The anticipation was high the morning of the 2019 Motul Petit LeMans at Road Atlanta. This final race of the 2019 IMSA WeatherTech SportsCar Championship season would keep the fans glued to the track as 34 cars competed. While the team and manufacturer championships were largely determined, each of the driver teams hoped to win this grueling ten hour race, ending three hours after sunset.
Yet, there was more than just the race to hold the fan’s attention. The rumor was out that the 2020 Corvette C8.R, the race version of the new, mid-Engine Corvette, would take to the track. There was no announcement concerning when, but as the hours ticked down to the famed grid walk, where the contestants are lined up near the starting line, the prospects of seeing the new Corvette on the track diminished. The announcers continued to ramble about the race and sponsors with no mention of the C8.R.
The street version of the long awaited mid-engine Corvette had arrived. A white C8 coupe, a convertible and a cutaway version were available for viewing at the Chevrolet display. The car magazines are filled with pictures and descriptions, but what about the race version?
Was the mid-engine C8.R a reality or had its debut been delayed by the lengthy auto worker’s strike? Would Corvette Racing provide a prototype showing its aerodynamic shape, but without the racing chassis and engine?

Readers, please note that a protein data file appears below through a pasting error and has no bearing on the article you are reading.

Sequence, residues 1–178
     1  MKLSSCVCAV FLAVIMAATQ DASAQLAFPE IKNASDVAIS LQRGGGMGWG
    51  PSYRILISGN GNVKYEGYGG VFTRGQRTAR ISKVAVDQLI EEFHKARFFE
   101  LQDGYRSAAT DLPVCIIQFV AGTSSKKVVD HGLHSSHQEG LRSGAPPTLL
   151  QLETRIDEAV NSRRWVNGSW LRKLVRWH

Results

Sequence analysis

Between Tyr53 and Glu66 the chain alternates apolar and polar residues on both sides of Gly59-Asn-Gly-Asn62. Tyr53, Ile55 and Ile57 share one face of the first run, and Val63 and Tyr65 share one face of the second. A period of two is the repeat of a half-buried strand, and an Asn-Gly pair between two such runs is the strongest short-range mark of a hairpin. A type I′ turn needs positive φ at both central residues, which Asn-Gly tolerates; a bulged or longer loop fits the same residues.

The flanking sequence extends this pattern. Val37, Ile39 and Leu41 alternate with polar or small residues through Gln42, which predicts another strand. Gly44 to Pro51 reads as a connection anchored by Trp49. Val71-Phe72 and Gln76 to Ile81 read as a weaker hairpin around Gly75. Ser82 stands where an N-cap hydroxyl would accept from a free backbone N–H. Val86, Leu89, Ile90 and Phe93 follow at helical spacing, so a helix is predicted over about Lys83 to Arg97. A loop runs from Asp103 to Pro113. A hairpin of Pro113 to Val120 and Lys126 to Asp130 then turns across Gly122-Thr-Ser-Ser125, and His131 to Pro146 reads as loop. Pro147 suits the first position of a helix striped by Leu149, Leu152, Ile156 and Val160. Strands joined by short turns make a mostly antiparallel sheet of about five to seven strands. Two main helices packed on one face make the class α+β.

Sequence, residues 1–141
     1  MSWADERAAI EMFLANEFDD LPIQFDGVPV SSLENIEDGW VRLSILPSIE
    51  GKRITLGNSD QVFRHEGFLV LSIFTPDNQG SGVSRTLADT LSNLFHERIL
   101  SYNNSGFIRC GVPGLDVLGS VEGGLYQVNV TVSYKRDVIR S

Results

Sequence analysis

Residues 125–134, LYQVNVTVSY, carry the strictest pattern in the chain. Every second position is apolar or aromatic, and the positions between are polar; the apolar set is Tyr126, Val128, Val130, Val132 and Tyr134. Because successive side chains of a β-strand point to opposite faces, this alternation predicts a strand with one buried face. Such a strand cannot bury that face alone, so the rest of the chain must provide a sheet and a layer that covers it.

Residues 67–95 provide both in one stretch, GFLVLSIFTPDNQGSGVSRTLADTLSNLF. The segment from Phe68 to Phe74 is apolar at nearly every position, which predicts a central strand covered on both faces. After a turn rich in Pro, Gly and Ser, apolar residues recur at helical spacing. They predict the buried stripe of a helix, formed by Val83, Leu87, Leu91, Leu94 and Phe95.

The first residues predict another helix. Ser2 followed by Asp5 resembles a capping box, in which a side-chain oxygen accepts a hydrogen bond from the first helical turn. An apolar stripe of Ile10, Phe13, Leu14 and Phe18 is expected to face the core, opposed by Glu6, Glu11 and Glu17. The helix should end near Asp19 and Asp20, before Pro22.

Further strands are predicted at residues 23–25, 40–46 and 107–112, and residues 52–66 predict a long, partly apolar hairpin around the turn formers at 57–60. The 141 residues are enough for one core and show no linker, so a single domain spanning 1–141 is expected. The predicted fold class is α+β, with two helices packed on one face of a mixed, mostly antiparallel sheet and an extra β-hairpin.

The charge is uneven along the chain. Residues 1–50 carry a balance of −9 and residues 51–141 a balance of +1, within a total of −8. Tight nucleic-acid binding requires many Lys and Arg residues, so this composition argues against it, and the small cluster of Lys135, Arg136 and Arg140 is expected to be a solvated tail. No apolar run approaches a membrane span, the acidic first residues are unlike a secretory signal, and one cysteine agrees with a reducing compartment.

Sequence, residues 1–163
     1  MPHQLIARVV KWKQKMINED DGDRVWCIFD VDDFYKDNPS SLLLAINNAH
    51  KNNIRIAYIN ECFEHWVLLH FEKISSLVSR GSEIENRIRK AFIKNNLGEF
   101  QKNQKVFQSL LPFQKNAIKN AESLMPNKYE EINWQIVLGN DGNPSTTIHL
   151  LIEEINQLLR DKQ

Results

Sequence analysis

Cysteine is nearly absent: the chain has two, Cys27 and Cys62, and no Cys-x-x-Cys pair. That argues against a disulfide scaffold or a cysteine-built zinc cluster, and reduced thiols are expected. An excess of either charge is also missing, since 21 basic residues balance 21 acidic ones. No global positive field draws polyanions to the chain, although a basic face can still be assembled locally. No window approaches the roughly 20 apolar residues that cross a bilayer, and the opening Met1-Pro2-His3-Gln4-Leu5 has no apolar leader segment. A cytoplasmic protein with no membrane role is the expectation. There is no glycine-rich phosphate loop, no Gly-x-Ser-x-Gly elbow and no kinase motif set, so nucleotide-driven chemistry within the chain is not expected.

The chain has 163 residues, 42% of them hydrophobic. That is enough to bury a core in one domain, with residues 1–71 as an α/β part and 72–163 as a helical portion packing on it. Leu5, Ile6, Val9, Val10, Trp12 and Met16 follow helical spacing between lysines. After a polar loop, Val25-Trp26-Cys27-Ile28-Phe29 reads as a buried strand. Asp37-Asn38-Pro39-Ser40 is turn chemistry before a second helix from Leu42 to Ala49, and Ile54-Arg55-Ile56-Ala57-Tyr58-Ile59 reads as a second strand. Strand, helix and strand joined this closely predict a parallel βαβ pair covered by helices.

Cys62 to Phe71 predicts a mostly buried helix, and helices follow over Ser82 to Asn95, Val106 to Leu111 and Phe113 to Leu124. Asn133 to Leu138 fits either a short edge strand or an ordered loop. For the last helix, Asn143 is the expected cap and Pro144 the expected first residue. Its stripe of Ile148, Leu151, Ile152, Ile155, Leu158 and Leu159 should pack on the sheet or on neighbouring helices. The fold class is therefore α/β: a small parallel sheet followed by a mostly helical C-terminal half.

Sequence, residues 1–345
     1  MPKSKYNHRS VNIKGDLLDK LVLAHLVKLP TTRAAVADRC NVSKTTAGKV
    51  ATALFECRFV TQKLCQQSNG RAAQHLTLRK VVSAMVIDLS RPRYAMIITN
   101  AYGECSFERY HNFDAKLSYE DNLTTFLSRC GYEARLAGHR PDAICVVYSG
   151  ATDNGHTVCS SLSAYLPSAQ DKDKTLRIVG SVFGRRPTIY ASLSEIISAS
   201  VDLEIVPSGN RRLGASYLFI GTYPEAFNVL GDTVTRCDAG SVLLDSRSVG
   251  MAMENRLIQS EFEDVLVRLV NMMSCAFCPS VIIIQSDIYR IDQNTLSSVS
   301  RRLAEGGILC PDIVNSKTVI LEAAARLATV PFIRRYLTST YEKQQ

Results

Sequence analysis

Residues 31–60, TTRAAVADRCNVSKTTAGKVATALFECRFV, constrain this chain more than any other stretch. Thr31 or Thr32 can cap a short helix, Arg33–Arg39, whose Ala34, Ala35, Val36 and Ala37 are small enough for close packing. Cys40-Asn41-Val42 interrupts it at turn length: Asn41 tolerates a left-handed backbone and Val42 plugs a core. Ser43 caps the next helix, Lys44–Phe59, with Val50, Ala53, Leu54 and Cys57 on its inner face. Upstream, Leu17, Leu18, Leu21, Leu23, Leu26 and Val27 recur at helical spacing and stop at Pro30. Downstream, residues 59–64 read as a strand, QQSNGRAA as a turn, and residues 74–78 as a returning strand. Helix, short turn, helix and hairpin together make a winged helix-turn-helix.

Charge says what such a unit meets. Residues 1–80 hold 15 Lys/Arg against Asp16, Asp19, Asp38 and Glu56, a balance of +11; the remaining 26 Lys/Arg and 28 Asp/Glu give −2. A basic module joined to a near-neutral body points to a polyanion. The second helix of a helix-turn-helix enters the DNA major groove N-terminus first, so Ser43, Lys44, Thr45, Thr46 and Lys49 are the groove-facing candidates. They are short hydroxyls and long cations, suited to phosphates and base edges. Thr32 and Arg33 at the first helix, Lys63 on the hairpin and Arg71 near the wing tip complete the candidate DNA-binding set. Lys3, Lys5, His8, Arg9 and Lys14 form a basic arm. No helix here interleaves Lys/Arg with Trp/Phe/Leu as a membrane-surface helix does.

Then, without fanfare, it arrived! The car flashed in front of thousands of fans and roared around the track. From our vantage point at turn 10, it was clear that this Corvette belonged on the track. The big V-8 conquered the straightaway with ease and the chassis mastered the challenging curves. Like a scalded cat, it accelerated out of the turn, crested the hill and disappear under the bridge. We hoped for a second lap and a chance to prepare our cameras. It was not to be.
The driver’s view of this debut confirmed this spectator’s perspective. Check it out at:
Later, the C8.R was on the front straightaway along with the cars actually racing that day. Again, it looked at home. While it has not won a race, the C8.R has presence. Its dramatic silver livery is inspired by Corvettes of yesterday, like the 1959 Stingray Racer. Its stablemate, the #3 Corvette, will sport the traditional yellow livery of its predecessors.
The C8.R is powered by a 5.5 liter DOHC V-8 producing 500 horsepower. It lacks guttural roar of the C7, but is more pleasing than the rasp of the Ford GT or the Porsche’s distinctive flat-six whine. Perhaps it sounded a bit more like the Cadillac DPi that placed first and second overall in the race – not truly distinctive, yet a sound of restrained power. Read more about this remarkable engine at:
The C8.R sped around the track once again as the remainder of the field assembled for the pace lap. Our view, between turn 1 and 2, confirmed that it has a a racing Corvette’s spirit, even though it has yet to be tested.
Is the C8.R a worthy successor to the rich race history of those yellow Corvettes that preceded it? That question will be answered at the Rolex 24 At Daytona in late January 2020. Until then we are free to speculate.